By now, most anyone who keeps up with financial matters knows that a flat or inverted Treasury yield curve is a good predictor of an impending recession. I've blogged extensively on this subject for almost 10 years. Recently, a few industrious pundits have found evidence that the front end of the Treasury curve is "close to flat." While it's hard to argue with their facts, an almost-flat curve is not the same as a flat or inverted curve. The latter occur only when the market looks into the future and sees good evidence that the Fed will no longer tighten policy and will very likely ease policy at some point. We're not there yet.
Here's a quick recap of where the yield curve stands:
Chart #1 shows us what the market has thought the target Fed funds rate will be in December of next year. One year ago, on the left end of the chart, the Fed funds futures market expected the funds rate to be 2.0% by December '19; it now expects the funds rate will be 2.7% by December of next year. That is essentially equivalent to two more Fed tightenings, from the current 2.25% to 2.75%. Currently, the market does not expect the Fed to do anything more beyond December '19. "Two more rate hikes and the Fed is done" is the current meme. That implies that the economy is quite likely to continue growing for the foreseeable future, but not at a very impressive (nor worrisome) pace. Note that expectations for the future target rate have dropped by almost one tightening in past few weeks, and that in turn has been driven by news suggesting the economy is proving a bit weaker than previously thought.
In any event, it's hard to get worried about a mere 50 bps increase in short-term interest rates for the foreseeable future.
Chart #2 looks at the front end of the real (inflation-adjusted) yield curve. This is arguably the only yield curve that really matters; real interest rates are the true measure of the cost of borrowing, not nominal rates. The blue line is the real Fed funds rate (the target funds rate (2.25%)) less the year-over-year rate of inflation according to the Core PCE Deflator (1.8%), the Fed's preferred measure of inflation. The red line is the real yield on 5-yr TIPS (Treasury Inflation-Protected Securities), which can also be thought of as the market's forecast for what the real Fed funds rate will average over the next 5 years. This measure of the yield curve is still positively-sloped. Note that it has been inverted (i.e., when the blue line exceeds the red line) prior to the past two recessions. We're not there yet. This chart tells us that the market fully expects the Fed to tighten monetary policy further (by increasing the real funds rate), but not by much.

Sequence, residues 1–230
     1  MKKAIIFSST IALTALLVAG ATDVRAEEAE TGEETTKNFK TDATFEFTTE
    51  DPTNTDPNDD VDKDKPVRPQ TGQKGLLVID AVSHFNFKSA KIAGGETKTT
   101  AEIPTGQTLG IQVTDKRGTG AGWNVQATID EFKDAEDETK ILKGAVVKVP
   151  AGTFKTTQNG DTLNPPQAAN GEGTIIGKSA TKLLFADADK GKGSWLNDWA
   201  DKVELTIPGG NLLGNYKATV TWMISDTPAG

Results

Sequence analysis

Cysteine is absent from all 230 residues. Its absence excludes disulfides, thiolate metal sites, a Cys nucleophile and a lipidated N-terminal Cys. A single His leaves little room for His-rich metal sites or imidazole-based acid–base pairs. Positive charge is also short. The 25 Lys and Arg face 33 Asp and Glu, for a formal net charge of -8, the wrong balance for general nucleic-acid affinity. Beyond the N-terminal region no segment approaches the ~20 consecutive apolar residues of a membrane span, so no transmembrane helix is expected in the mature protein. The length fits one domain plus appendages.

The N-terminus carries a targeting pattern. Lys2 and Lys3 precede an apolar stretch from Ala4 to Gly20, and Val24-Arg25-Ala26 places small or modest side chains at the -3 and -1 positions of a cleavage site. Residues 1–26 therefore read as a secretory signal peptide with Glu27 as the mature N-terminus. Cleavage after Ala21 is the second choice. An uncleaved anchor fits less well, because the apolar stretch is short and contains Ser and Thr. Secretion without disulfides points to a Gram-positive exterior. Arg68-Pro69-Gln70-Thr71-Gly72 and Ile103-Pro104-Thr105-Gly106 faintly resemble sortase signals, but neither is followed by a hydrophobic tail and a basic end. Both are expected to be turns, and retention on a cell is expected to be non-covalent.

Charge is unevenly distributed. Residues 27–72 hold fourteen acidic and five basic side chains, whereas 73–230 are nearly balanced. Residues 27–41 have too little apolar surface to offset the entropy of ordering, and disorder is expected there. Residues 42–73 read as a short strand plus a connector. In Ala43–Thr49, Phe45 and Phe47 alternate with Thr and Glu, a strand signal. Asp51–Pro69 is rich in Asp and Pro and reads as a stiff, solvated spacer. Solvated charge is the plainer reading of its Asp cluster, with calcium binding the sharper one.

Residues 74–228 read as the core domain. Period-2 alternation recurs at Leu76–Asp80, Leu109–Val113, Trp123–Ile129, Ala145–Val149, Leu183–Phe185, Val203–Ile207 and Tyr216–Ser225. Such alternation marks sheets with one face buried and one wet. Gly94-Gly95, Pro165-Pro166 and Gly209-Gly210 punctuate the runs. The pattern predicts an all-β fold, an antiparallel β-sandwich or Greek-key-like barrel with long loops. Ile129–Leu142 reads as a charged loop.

Chart #3 shows the most common and generally most-favored measure of the yield curve: the difference between 2-yr and 10-yr Treasury yields. The top portion shows the history of these two yields, while the bottom portion shows the difference between the two (i.e., the slope). Note first that the 2-10 slope quite often becomes flat or almost flat, and it does so sometimes many years in advance of recessions. It's almost flat now (20 bps), but that's hardly unusual during a period in which the Fed is raising interest rates.
Chart #4 effectively zooms in on Chart #3, showing the behavior of these yields and their spread over the past year. Note that this portion of the curve was actually a tiny bit flatter back in August than it is today.
Chart #5 is where things get more interesting. This shows the difference between 10- and 30-yr Treasury yields. This portion of the yield curve has been steepening since last July. Inversions in this portion of the curve have been reliable predictors of recessions, but we're definitely not there yet. To judge by this chart, a recession, if one is in the cards, might not occur for at least several years. And to judge by Charts #3 and #5, what is going on today in the yield curve is similar to what happened in the mid-1990s. Back then the economy was in the early innings of what would prove to be a very strong growth phase, which was followed by a mild recession in 2001.
In any event, it's possible, and likely, that good news on the global trade front could alter the bond market's expectations rather dramatically, resulting in a steeper yield curve and ultimately a stronger economy.